Having this perspective of IDP scoring, how should you take an approach to build your roster? Well, just like for the offensive skill positions, there isn’t just one approach or strategy, there are multiple and I want to give you a general lay of the land that allows you to use your own knowledge, insight, and experience to be able to take your roster wherever you want. Starting in the trenches, one thing to note or understand with IDP Fantasy Football success for DL or DE/DT, depending on your roster setup, is this is the one level of the field that truly needs talent on the field to help correlate to IDP success. Defensive linemen need to win off their blocks to make any play in the pass or run game. If they are not doing that, they will provide little to no impact when it comes to your IDP stat sheet. With this said, it is probably the one position you want to target elite talent early and often and when it comes to rookies, spend that draft capital to pull in those top draft capital talents (Nick Bosa, Chase Young, Kayvon Thibodeaux, etc…). Your drop-off here from tier 1 to tier 2 can be pretty sharp, think, ‘bellcow’ RB versus an RBBC (running back by committee). They can still have their weeks and be relevant that way. But an elite DL talent should and most likely will deliver for you week in and week out. Let’s move to that next level, the linebacker position.


This is where people can diverge to opposite ends of the spectrum on how to approach things. There are some amazing IDP linebackers their talent on the field flows through to the IDP Fantasy Football world,  and they are set ‘em and forget ‘em type players on your roster and you love seeing them go off week-to-week. However, another belief is that linebacker is a position that can easily have greater value-based almost entirely on snaps played. A true war of attrition if you will. Find the guys who are playing most downs, regardless of pure talent and you will find your starters at linebacker. These lower-tier linebackers will get you 80% of the production at 20% of the cost is the overall mentality. Now those numbers are not set in stone, but you get the concept. Both approaches are valid, but depending on how you feel about the other parts of the field and your roster, will dictate what you think is the best approach.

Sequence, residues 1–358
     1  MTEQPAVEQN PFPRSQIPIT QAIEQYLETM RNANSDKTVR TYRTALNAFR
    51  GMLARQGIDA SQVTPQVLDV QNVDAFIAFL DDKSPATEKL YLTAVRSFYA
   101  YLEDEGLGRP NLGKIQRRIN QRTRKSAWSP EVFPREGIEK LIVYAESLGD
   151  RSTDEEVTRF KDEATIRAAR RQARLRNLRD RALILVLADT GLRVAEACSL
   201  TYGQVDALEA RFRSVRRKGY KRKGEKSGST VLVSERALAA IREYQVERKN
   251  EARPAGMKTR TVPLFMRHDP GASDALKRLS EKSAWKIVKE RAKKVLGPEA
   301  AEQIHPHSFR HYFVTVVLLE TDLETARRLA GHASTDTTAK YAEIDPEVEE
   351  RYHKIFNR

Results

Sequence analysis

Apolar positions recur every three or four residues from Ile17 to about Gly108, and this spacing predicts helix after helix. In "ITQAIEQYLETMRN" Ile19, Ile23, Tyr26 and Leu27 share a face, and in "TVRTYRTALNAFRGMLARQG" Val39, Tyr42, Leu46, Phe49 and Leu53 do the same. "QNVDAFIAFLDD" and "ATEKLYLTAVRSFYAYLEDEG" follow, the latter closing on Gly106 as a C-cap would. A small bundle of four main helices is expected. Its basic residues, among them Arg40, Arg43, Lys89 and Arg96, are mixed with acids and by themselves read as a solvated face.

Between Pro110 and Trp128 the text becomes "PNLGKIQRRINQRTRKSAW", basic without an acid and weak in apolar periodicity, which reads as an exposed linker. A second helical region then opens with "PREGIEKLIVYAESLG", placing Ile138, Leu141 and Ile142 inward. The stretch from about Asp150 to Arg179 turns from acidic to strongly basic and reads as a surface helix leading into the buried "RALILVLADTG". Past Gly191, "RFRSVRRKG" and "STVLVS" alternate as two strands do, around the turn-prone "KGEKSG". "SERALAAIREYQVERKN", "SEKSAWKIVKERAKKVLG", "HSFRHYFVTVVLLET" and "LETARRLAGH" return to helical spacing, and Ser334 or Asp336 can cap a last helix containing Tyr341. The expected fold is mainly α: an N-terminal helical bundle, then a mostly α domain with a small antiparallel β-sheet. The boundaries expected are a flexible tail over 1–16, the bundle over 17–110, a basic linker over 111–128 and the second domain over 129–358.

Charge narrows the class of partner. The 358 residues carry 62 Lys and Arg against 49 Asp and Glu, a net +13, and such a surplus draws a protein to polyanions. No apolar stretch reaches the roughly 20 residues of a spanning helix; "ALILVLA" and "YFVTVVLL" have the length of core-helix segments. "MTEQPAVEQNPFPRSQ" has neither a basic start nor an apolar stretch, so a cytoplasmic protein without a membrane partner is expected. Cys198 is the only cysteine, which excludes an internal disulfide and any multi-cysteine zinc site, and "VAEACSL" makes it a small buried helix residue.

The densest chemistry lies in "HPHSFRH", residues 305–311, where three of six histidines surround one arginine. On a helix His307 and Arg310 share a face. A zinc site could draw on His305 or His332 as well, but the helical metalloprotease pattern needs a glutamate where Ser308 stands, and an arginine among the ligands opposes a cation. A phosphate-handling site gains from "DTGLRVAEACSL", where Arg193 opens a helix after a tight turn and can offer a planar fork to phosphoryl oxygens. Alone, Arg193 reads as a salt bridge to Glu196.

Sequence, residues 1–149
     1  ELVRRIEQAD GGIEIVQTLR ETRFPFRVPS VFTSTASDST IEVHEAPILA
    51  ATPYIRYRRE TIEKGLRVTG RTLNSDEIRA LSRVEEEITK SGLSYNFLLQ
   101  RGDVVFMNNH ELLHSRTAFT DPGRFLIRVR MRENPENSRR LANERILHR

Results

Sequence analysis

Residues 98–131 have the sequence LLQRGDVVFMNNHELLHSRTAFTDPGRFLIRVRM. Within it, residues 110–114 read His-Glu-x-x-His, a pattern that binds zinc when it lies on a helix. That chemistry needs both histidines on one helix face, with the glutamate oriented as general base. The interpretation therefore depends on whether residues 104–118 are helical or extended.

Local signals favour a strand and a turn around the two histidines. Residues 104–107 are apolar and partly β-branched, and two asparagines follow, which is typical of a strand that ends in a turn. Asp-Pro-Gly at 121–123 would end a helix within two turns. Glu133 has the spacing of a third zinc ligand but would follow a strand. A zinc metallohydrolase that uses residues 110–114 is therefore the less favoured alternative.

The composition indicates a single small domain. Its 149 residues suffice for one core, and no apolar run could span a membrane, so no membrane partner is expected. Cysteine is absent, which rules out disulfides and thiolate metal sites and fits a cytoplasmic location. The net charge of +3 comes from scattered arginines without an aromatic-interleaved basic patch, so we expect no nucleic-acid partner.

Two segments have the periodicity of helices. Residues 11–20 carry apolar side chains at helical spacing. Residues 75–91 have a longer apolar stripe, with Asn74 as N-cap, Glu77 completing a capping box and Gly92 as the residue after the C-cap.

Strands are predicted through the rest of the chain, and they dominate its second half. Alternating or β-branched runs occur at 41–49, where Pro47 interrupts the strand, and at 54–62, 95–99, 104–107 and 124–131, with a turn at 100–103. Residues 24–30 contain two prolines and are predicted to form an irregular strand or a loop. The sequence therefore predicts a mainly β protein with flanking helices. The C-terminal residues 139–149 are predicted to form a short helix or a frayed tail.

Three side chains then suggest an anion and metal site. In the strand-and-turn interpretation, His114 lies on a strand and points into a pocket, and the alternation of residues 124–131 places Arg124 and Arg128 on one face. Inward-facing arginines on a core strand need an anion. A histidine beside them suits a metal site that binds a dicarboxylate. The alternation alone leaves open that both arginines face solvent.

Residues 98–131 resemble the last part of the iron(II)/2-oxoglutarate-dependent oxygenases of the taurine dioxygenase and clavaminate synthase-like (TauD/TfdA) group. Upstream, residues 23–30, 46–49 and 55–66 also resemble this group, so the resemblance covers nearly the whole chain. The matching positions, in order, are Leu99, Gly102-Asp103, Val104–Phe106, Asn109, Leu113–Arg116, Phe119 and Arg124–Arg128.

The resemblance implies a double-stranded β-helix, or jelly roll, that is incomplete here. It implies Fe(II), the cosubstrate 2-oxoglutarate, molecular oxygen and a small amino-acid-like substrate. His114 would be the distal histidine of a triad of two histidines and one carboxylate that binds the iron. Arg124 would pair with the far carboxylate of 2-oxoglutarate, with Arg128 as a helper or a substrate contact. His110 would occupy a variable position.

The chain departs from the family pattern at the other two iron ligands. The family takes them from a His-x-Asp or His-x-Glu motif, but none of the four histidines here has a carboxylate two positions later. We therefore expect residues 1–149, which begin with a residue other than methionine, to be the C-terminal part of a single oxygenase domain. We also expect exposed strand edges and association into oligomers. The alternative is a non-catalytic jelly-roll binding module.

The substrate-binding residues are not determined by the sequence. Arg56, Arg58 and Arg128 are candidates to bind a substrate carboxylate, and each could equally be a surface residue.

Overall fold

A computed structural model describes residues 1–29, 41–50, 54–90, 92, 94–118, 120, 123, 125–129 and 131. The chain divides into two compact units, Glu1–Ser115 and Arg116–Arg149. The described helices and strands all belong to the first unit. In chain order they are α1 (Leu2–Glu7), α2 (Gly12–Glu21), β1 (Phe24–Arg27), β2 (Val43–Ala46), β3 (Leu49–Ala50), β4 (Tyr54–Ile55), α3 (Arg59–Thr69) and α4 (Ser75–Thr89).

Lastly, the back end of the defense. The secondary, the last line of defense, those working on an island. How do we approach this group? This one can be one of the more diversified in terms of approach whether or not you are looking for just defensive backs (cornerbacks and safeties rolled up together) or you are playing ‘True Position’ and you need starting spots for both safeties and cornerbacks. If you are looking for just DB’s, the biggest indicator and target when approaching which players are the right ones for your IDP roster is based on the location of their snaps. The reason for this distinction is that DB’s can line up all over the field based on the nature of their position and skillsets and the further that alignment gets from the line of scrimmage, the lower the probability of being involved in the actual play on the ball that will lead to an addition to that box score and your fantasy team’s score. The spots you need to find are the ones that get them closer to the ball. These are the key locations:

  • The box (lining up like a linebacker)
  • Slot (lined up over the inside WR/TE)
  • On the line (right up there with the big boys)

These opportunities heavily tend to skew towards the safety position so when you are not a ‘True Position’ league, you will find yourself looking at safety primarily, but there are still other values out there we will get into with further review of the positions. As for cornerbacks, this gets quite tricky for a lot of people, especially if you are newer to IDP. When people think cornerbacks they think of interceptions and flashy plays as a true indicator of someone you want to pursue. This is almost always NOT the case for cornerbacks. Interceptions are very rarely something that sticks with a cornerback (think touchdowns for offensive skill positions and their regressions). Something much more telling is the number of pass breakups (or passes defended) and to a lesser extent solo tackles. These are much more sticky and telling stats to a cornerbacks play, success, and potential future in IDP production.

We have covered a lot here today and it may seem like a lot to take in, but as we move through this series and other articles, we will take these ideas and put them against the backdrop of previous IDP seasons for us to get an idea how they work out in practice and application. I will be walking through a 2021 recap of the IDP groups at each level and I will kick it off with defensive linemen. If you have any questions, comments, or just want to talk about fantasy football, feel free to reach out to me on Twitter @jakekohlhagen.